After a slew of suggestions and strong objections from several Forest Park residents the Zoning Board of Appeals (ZBA) decided to table its discussion for a further date on whether or not to amend zoning text that would no longer allow for new construction on 25-foot lots of record.
A general consensus was reached by committee members that before making a decision on the issue they would need to know exactly how many residents would be directly affected by the zoning change and whether or not the zoning change would even solve the problems the village is targeting.
The July 18 meeting lasted over two hours due to a strong showing of residents who spoke out before the board in vehement objection against the proposed ordinance. By night’s end over 10 residents presented personal hardships, research, prepared speeches, questions and comments about what they felt was an unconstitutional ordinance.
The ordinance in question was discussed briefly at the committee’s last meeting when it faced the issue of whether or not to put a moratorium on all construction involving 25-foot lots. The committee at that point decided not to act in that direction and sent the proposal to the village council. At the following village council meeting, council members voted for a freeze on new construction on 25 foot lots until the matter was resolved by the ZBA.
The text amendment would only affect residents who own two separate 25-foot lots of record with one home clearly set within the boundary of one 25-foot lot and the other 25-foot lot serving as a side yard. In most cases the residents who fall into this category had purchased that type of property with the intention of developing the empty 25 feet and in some cases the owners were depending on that development to financially secure their futures.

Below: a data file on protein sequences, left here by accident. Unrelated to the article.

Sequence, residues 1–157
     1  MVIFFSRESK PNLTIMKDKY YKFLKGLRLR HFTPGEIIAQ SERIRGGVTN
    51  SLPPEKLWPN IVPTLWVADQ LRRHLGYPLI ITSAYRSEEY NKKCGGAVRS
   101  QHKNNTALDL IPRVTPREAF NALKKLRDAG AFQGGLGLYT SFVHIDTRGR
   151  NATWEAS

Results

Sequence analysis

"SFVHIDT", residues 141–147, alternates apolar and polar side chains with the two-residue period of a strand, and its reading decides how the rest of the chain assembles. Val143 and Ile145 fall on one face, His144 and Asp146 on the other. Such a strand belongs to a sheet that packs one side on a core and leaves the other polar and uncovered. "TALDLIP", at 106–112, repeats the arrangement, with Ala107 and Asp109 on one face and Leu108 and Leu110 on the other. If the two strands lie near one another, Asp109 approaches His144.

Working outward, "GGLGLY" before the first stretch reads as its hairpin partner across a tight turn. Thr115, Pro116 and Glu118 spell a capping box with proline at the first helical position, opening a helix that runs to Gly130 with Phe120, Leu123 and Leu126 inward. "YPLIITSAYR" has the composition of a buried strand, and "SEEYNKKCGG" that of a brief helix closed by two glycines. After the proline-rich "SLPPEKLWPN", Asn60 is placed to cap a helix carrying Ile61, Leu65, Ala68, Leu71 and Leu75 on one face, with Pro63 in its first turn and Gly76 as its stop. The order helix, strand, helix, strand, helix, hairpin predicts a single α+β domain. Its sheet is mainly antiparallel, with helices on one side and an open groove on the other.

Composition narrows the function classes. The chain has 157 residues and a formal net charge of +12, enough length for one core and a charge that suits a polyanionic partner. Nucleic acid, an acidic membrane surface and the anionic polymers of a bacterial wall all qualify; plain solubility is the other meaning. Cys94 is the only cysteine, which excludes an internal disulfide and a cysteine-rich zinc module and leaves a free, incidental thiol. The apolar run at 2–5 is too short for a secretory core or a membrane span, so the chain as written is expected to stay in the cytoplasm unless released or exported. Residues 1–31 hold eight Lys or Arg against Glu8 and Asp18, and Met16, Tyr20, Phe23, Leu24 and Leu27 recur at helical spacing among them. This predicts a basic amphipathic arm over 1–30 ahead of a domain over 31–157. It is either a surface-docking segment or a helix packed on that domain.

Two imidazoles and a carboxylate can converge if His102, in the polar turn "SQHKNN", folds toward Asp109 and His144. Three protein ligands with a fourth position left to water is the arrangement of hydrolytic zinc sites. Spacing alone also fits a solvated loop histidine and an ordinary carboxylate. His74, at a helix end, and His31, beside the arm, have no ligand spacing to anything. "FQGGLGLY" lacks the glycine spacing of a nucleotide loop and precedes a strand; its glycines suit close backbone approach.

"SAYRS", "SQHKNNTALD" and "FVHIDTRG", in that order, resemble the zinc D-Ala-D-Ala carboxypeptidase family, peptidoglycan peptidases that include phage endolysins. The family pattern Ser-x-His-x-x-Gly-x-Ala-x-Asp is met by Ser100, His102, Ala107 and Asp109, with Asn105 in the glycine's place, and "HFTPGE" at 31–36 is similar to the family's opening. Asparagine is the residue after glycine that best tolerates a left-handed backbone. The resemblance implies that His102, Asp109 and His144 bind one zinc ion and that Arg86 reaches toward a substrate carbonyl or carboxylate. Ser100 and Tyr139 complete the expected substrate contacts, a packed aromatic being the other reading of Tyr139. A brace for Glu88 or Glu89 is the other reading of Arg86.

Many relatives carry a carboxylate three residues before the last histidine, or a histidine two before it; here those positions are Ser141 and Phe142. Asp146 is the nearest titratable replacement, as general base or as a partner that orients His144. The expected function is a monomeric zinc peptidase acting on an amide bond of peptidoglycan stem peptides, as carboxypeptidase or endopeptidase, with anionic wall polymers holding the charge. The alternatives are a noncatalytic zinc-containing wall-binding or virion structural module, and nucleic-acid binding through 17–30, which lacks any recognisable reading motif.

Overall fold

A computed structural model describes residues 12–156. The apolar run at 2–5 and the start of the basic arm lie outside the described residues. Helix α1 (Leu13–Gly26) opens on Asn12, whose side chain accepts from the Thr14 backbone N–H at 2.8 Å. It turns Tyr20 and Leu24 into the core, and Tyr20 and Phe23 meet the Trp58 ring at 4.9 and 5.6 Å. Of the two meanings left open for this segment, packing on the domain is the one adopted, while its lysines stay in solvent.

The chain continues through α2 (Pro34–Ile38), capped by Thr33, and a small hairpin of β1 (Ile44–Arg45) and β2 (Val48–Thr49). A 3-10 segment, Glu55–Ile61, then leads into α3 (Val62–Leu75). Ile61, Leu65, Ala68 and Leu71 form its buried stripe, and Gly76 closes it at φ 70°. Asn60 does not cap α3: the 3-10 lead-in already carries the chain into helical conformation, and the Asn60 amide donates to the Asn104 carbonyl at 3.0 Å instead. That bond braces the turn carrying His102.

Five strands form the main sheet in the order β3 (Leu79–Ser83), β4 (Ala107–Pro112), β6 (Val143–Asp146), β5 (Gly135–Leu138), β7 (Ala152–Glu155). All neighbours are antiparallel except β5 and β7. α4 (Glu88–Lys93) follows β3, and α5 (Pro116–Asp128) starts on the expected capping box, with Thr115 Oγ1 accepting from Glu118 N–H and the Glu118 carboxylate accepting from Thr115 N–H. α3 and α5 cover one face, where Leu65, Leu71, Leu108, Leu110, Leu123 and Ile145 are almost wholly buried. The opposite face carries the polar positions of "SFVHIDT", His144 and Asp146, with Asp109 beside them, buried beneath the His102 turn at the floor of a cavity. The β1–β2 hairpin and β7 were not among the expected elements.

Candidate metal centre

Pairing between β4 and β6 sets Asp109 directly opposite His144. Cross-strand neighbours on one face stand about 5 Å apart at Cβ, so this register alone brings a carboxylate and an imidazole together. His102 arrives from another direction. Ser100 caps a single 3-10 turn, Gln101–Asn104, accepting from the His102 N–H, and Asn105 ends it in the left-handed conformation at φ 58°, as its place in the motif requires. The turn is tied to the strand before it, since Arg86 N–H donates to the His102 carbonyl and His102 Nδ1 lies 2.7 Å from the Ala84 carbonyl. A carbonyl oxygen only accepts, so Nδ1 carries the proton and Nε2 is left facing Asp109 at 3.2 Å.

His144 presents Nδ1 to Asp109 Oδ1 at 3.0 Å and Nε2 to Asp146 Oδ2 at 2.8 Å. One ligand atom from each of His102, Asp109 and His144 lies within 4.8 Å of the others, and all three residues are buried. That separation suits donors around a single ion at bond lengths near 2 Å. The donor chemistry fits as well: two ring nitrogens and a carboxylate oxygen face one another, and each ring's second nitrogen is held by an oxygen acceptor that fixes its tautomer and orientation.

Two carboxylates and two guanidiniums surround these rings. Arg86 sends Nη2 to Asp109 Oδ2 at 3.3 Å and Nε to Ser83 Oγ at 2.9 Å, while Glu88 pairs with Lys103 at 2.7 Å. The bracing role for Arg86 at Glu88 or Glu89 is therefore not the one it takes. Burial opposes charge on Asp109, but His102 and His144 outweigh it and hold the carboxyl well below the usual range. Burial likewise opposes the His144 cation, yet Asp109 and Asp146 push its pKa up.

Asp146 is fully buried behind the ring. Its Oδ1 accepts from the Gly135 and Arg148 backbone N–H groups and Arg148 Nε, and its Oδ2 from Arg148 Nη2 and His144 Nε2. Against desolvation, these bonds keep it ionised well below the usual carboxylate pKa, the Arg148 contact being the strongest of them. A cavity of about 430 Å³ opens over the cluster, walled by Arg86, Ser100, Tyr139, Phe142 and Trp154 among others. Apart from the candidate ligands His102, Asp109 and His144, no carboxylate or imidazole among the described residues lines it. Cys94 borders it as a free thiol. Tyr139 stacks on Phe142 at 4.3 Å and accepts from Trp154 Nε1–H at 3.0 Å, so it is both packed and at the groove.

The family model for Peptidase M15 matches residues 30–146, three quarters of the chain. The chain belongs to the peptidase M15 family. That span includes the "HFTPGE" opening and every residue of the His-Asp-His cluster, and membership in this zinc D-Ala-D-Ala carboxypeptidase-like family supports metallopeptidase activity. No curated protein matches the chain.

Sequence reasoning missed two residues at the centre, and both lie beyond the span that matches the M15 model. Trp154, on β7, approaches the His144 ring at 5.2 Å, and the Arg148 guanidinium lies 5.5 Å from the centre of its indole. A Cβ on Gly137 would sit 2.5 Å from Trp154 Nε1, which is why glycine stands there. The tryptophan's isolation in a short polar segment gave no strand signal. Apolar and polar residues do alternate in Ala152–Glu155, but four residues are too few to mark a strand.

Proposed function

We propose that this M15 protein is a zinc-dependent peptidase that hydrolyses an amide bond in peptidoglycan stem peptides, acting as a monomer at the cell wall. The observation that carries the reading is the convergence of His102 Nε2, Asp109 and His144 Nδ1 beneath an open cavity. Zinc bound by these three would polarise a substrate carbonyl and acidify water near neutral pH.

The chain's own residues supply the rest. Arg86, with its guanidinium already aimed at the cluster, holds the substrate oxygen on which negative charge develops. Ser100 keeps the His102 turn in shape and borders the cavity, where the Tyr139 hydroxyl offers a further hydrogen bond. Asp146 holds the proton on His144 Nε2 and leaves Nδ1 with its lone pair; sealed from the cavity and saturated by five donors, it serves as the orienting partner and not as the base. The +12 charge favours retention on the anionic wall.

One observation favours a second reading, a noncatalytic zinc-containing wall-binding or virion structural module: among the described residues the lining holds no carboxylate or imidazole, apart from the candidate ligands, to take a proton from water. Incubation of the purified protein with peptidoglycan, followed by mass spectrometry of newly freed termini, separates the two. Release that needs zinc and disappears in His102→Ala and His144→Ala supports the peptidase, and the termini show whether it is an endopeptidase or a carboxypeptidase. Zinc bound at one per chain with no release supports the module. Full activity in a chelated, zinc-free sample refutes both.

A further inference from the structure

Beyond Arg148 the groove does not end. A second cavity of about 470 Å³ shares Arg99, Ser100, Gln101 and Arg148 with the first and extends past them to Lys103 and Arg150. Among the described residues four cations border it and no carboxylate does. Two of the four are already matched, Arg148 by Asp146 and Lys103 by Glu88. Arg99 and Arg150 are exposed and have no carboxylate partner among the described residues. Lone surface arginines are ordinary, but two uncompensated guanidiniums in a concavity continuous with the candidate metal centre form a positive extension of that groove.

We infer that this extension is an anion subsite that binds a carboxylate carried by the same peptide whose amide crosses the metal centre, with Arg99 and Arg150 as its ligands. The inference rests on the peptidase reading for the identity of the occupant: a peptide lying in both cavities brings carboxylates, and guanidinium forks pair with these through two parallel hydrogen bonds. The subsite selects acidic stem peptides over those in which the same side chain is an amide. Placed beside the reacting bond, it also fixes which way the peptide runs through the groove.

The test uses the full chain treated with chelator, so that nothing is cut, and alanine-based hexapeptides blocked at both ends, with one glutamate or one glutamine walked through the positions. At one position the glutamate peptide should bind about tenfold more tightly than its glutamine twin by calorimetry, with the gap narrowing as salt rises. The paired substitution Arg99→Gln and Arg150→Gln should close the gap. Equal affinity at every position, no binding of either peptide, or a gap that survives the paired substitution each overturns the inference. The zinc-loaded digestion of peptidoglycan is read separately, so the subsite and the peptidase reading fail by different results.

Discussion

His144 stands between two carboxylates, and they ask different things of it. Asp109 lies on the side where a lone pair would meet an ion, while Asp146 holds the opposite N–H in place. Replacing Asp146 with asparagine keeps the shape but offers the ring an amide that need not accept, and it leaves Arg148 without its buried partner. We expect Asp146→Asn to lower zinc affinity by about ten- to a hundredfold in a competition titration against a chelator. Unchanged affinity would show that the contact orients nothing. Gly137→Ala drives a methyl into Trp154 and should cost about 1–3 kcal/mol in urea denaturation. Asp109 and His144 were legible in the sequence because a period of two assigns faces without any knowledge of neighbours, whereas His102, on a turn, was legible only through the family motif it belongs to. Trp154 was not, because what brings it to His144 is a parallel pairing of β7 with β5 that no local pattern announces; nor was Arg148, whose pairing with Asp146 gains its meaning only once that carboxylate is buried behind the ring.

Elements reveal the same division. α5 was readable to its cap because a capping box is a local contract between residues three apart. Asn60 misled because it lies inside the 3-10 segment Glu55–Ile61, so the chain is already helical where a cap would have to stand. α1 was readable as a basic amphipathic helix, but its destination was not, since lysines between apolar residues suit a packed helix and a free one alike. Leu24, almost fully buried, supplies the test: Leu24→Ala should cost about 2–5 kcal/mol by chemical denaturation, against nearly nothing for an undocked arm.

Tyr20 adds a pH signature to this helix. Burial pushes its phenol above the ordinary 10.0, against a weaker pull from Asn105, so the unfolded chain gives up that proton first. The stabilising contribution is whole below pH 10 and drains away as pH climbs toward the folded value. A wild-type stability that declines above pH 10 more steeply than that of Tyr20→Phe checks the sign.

The spirit of the amendment seeks to protect Forest Park from becoming overpopulated. The village council showed concern when it saw developers coming into Forest Park and tearing down homes on 50-foot lots to build two separate smaller homes. That is playing a pivotal role in considering whether or not this amendment should be passed. South Forest Park seems to be the most negatively affected by the amendment. There 25-foot lots are common with well over 80 percent of lots falling into that category. In north Forest Park 50-foot lots are the norm.
Committee member William McKenzie urged residents to remember that if the amendment passed, the ZBA would still be willing to listen to any variance proposals regarding construction on 25-foot lots and would be understanding to the character of the surrounding area. In other words, if you live in south Forest Park and an entire block is covered with 25- to 30-foot lots, a chance of getting a variance is higher than if you were a developer in north Forest Park trying to consolidate two homes on a 50-foot lot where the rest of the block only has one.
Richard Masson, a Forest Park resident, spoke strongly against the issue. After reviewing the village council’s Jan. 25 meeting’s minutes (where this issue first came up), he concluded that the council was looking to accomplish five things with the amendment: controlling density, increasing tax revenue, controlling front yard setbacks, side yard setbacks and underground garages. He insisted that the proposed amendment fails to do any of those.
On the issue of density, he told the committee that in south Forest Park only 37 cases apply to the amendment. Out of those 37, only 18 or 19 could actually have new construction on their 25-foot side yard lot. “How can we be so concerned about density with the possibility of 18 new single family homes when we are allowing the Roos to build 136 condos?” Masson asked.
He explained to the committee that with new construction on these 25-foot lots would come higher tax revenue because nicer homes are taxed higher. Masson said according to the amendment, there would only be a six-inch increase in side yard setbacks. As far as underground garages and front yard setbacks, the amendment does nothing, he said.
“How could this amendment ever be passed if it fails to accomplish what it was originally intended to do? If anything it acts as an incentive not to invest in Forest Park. I urge this committee to look for a more targeted approach to solving the issues of this village.”
Jolyn Crawford, committee member, opposed the amendment telling residents that she is a facts and figures person and needs to know how many lots apply. She did not dismiss the ordinance altogether saying, “As a committee we need to think about the future of this town and its green space. God isn’t building any more land so we have to preserve what we have.”